Choosing targeting moieties on the bilosome structure (ligands, antibodies, peptides, etc.) gives you the opportunity to reach intracellular levels of cellular components of the tumor cells, respiratory system, and immune system.
To date, several vaccine adjuvants based on virosome preparations have been commercialized for a wide range of life-threatening infections such as influenza (Inflexal® V) and hepatitis A (Epaxal®). “
In the review, they provided their views on biodegradable, biocompatible, non-toxic biomolecules, vilosomes, with a high safety profile in vaccine development.
The immunogenic pathway of virosome-based vaccines. Virosomes that bind to pathogen recognition receptors on APC cells triggered the release of IgG, IgA, and IgM antibodies. Birosomes entered cells by the endocytic pathway. Viral peptide derived from bilosome degradation in endosome low pH binding to MHC-? And MHC-I? The molecule stimulated T helper cells and CTL cells. CTL removed the viral infection and produced cell-mediated immunity.
Other benefits of using virosome include the use of a variety of routes of administration and can be combined with other adjuvants. Reviewers have listed vilosome-based formulations that have been marketed or are in the preclinical and clinical stages. Reviewers have reported that various types of virosome-based vaccines have been approved in more than 45 countries and that more than 10 million patients have been vaccinated so far. It can also be applied to infants and the elderly.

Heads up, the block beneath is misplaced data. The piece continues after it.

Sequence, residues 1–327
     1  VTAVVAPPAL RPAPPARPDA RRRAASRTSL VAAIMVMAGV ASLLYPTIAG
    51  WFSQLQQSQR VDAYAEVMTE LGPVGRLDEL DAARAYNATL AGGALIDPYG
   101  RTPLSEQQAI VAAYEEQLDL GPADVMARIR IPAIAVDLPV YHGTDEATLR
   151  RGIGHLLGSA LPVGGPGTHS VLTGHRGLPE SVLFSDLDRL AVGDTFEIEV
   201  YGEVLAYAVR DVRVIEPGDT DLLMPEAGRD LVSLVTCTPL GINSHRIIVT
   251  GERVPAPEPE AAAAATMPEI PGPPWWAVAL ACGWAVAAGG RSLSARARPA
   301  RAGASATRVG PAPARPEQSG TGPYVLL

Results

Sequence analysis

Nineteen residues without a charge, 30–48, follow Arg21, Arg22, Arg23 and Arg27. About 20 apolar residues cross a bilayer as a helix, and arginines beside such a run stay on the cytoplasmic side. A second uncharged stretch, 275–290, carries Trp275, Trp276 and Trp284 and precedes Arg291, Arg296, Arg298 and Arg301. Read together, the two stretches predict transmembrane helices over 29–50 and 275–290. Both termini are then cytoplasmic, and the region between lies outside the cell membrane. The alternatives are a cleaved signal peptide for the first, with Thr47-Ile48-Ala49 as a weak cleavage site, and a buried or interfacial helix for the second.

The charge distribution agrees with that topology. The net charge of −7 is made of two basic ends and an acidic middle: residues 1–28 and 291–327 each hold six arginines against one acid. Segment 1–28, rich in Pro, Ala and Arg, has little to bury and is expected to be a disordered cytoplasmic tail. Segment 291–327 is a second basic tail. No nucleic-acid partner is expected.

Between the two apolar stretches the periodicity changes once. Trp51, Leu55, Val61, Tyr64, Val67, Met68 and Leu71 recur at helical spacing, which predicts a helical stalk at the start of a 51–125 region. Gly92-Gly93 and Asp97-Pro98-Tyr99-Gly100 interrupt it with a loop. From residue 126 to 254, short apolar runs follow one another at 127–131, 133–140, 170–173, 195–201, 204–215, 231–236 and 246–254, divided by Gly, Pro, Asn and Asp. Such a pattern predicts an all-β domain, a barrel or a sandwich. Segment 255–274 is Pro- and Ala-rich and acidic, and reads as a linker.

One of the main drawbacks of using virosome is the rapid disintegration of bilosome preparations. Stability optimization allows the development of thermostable bilosome-based vaccines to be administered via the mucosal pathway.
Reviewers suggest that this is a bioinspiring compound that could revolutionize vaccination patterns in developing countries. They also provided a classification of nanovaccines – high molecular weight nanovaccines, self-assembling peptides and protein vaccines, VLP or viral structural proteins, inorganic nanovaccines, liposome vaccines – widely used for viral infections in clinics.
Therefore, virosome is an auspicious medium for developing active nanovaccines. It’s easy to prepare and has a variety of shipping routes. Today, many virus products have already been approved by authorities in various countries.
Researchers recommend that special efforts be made to improve virosome-based viral vaccines, such as Transvac 2, a new vilosome vaccine designed against the SARS-CoV-2 virus. Transvac2 is in Phase 1 clinical trials. This is an innovative compound that is expected to help with recent viral pandemics.
In this review, the author addressed important questions about the nature, preparation, and popularity of viral somas and emphasized their importance as a result of COVID-19.
Can virosome-based nanovaccines be a promising new approach to prevent viral diseases?